Republicans raise alarm over severe records backlog for veterans costing benefits: 'Utter tragedy'

July 12, 2021
In The News

EXCLUSIVE – House Republicans are shining a light on a major records backlog at a government archives agency that has meant thousands of veterans and their families are waiting months, and in some cases years, for paperwork that is necessary to receive benefits. 

Republicans on the House Oversight Committee are calling for a congressional hearing on the backlog of 500,000 record requests at the U.S. National Archives and Records Administration's (NARA) National Personnel Records Center (NPRC). The major delay in obtaining records, including military DD-214 separation forms needed to obtain veterans' benefits, worsened during the coronavirus pandemic when federal workers were sent home and unable to physically process the requests for records in a timely fashion. 

"America's veterans fought for us, but the federal government isn’t even willing to return to work to provide veterans with their records," Rep. James Comer, R-Ky., the top Republican on the House Oversight Committee, said in a statement to Fox News. "The result: almost half a million requests from veterans and their families delayed for months. This is an utter tragedy and a poor reflection on the gratitude we should pay to the brave men and women and their families who served our country."

Comer and 19 other House Republicans authored a letter Monday, obtained first by Fox News, to the chair of the committee, Rep. Carolyn Maloney, D-N.Y., calling on leadership to convene a congressional hearing on the veterans' backlog. They already had a bipartisan briefing last month with the records administration (NARA), but the Republicans say the agency must be held accountable in a public committee hearing to ensure such a backlog never happens again. 

 

"It is completely unacceptable that America’s veterans and their families are waiting—in some cases over a year—to obtain service records for benefits they earned through their service to our country," said Rep. Fred Keller, R-Pa., in a statement to Fox. "While the National Personnel Records Center was forced to reduce its on-site operations due to COVID-19 restrictions, it’s evident that there was no plan to ensure that records requests would continue to be fulfilled in a timely manner."

The NPRC facility in St. Louis holds over 2 million cubic feet of military personnel and medical records, which only exist in paper form and cannot be accessed remotely. In a given year, the agency responds to 1.2 million requests for copies of these records. Many requests are from veterans and their families needing to prove honorable service to obtain benefits, such as burial honors, Veterans Affairs (VA) disability claims, homeless veterans' programs and medical services. 

The backlog has taken its toll on families. For instance, 90-year-old Susana Mallinson has been waiting over a year for her husband Frank's military service records from the NPRC facility in St. Louis.  

Mallinson's husband served in Japan in the U.S. Army during World War II as a radio engineer and died in 2000. She is barely making ends meet, surviving on just over $1,000 a month while waiting for her husband's records to apply for spousal benefits with the Department of Veterans Affairs (VA). In the meantime, Mallinson is forced to live below the poverty line.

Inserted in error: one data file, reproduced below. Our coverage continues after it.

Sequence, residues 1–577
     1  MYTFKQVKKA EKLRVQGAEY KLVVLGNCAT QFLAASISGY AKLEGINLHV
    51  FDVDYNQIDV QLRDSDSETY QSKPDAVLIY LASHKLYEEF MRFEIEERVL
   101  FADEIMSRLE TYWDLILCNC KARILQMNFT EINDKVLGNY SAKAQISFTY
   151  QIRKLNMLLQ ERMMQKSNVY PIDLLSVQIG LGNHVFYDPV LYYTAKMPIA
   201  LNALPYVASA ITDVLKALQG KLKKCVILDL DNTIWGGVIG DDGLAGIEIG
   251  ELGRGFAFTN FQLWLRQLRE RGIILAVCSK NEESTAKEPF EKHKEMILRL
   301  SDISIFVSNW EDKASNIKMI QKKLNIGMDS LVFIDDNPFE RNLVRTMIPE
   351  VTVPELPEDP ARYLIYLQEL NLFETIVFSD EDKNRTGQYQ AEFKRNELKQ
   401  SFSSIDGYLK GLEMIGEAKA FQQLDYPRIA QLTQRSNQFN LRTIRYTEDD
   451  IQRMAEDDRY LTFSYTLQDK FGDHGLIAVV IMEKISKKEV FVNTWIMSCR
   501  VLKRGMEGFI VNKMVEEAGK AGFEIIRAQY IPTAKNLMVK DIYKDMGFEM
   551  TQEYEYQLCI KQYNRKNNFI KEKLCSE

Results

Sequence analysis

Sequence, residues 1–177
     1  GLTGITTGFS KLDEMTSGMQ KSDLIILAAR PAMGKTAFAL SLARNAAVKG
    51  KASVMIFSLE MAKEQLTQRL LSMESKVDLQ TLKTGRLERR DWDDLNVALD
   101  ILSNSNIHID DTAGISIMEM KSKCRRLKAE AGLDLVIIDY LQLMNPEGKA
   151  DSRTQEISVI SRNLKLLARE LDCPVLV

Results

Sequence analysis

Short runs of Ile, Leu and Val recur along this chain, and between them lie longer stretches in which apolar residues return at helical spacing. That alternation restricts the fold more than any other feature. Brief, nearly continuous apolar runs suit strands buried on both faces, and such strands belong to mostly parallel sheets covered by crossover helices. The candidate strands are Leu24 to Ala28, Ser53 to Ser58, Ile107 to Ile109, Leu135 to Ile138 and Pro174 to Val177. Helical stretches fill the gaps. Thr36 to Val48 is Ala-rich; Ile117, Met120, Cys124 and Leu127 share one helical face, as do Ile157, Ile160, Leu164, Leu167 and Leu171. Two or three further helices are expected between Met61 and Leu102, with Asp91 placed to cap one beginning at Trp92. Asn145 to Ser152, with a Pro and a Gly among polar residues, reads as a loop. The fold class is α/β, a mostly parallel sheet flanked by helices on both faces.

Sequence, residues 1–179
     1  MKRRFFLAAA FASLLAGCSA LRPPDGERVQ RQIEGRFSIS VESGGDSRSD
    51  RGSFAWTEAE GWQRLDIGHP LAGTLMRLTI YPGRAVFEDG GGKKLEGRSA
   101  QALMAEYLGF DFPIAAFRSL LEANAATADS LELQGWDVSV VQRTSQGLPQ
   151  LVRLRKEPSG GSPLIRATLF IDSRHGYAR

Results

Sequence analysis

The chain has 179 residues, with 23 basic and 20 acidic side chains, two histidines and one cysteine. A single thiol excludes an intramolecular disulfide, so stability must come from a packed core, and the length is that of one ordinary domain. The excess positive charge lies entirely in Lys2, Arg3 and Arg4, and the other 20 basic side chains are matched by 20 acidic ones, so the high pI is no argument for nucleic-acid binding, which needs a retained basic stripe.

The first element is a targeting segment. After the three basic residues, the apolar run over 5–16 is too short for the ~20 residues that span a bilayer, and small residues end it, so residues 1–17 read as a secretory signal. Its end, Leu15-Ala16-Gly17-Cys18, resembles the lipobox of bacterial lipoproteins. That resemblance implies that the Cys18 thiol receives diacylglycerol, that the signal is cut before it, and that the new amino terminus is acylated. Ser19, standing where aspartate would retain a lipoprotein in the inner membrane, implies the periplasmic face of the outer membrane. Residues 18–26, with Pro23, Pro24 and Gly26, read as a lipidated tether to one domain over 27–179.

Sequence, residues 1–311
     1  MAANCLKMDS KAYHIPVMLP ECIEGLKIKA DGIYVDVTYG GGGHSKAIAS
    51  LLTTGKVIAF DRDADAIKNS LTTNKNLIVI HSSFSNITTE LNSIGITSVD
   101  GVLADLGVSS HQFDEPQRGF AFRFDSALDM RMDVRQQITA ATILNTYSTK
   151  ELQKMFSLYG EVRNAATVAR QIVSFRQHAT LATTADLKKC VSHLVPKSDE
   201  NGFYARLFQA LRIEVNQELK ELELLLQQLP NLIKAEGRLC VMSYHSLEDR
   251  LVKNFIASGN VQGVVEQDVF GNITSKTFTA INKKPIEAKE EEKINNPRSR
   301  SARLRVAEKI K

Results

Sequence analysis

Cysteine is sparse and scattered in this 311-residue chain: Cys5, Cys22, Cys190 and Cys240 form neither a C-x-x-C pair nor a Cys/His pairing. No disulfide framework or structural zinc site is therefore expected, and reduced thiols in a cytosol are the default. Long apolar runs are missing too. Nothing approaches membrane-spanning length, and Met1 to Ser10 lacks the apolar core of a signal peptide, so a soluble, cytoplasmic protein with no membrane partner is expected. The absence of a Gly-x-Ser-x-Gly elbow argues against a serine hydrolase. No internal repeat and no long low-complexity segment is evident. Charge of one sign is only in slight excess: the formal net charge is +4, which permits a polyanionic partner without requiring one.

"It's very stressful. At times I cannot sleep, thinking 'why is it so hard? Something that belongs to me, something that is there,'" Mallinson told Fox News recently.

Other family members are awaiting paperwork to identify human remains. 

Clay Bonnyman, the grandson of Lt. Alexander Bonnyman, is among those still waiting for answers. His grandfather was killed in action in the Battle of Tarawa during World War II. Bonnyman went to Tarawa and found his grandfather’s remains, but is still waiting to obtain his records – something Clay Bonnyman said might never happen. 

"There's tons and tons of veterans, tons and tons of families that are trying to get records, that those requests, they're just going to pile up and pile up and pile up and who knows if they'll ever be fulfilled," Bonnyman told Fox News in a previous interview. 

The National Archives confirmed to Fox News the records backlog stands at about 500,000 requests and acknowledged the federal government's coronavirus on-site staff reductions produced the major wait times for documents. 

To mitigate the pandemic imposed occupancy limits, the agency expanded the workweek to include Saturdays and Sundays and implemented a second shift on weekdays, but "despite these efforts, we could not keep up with incoming requests during the pandemic, and a backlog developed," according to a statement released by the National Archives to Fox News.

Relief may be on the way. The agency is now transitioning to post-pandemic operations and employees are being recalled back to on-site work starting July 19. They are also bringing on more than 100 new staffers, doubling the number of supporting contractors on-site and working to digitize records requests, the National Archives told Fox News. 

"Reducing the backlog of veterans records requests and returning to our pre-pandemic levels of service is our top priority at the National Personnel Records Center (NPRC), as it is for the Archivist of the United States, himself a Navy veteran of the Vietnam War," the statement said, in reference to Archivist David S. Ferriero who oversees the records division. "We are passionate about our mission and committed to providing our nation’s veterans with the high-quality service they earned and deserve."